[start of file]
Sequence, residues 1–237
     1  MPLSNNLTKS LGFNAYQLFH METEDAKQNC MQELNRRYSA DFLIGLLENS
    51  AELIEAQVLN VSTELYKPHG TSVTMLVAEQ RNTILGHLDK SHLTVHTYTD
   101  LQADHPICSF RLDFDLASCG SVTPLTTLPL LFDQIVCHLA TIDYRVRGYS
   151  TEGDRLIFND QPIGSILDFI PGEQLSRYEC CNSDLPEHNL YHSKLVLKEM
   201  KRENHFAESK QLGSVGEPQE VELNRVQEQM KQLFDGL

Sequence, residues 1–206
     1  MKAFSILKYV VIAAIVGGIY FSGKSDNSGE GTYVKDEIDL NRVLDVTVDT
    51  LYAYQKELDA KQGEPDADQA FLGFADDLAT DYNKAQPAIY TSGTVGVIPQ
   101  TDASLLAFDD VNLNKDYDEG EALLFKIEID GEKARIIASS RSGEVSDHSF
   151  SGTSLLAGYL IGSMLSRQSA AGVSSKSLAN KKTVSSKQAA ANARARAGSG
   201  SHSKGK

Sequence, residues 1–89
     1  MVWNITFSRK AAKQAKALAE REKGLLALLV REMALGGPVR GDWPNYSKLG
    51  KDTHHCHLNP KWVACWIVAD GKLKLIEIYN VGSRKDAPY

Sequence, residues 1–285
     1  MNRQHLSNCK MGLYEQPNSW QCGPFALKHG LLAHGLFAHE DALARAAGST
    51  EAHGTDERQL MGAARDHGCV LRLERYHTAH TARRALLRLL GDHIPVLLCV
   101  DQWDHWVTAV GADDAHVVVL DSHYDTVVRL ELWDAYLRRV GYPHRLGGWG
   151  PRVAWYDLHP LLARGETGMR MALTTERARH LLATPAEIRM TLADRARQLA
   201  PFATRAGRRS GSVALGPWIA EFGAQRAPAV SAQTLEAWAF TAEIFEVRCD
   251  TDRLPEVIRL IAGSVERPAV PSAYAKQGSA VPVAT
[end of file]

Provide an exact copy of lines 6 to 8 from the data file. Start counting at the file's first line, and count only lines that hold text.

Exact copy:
   201  KRENHFAESK QLGSVGEPQE VELNRVQEQM KQLFDGL

Sequence, residues 1–206
     1  MKAFSILKYV VIAAIVGGIY FSGKSDNSGE GTYVKDEIDL NRVLDVTVDT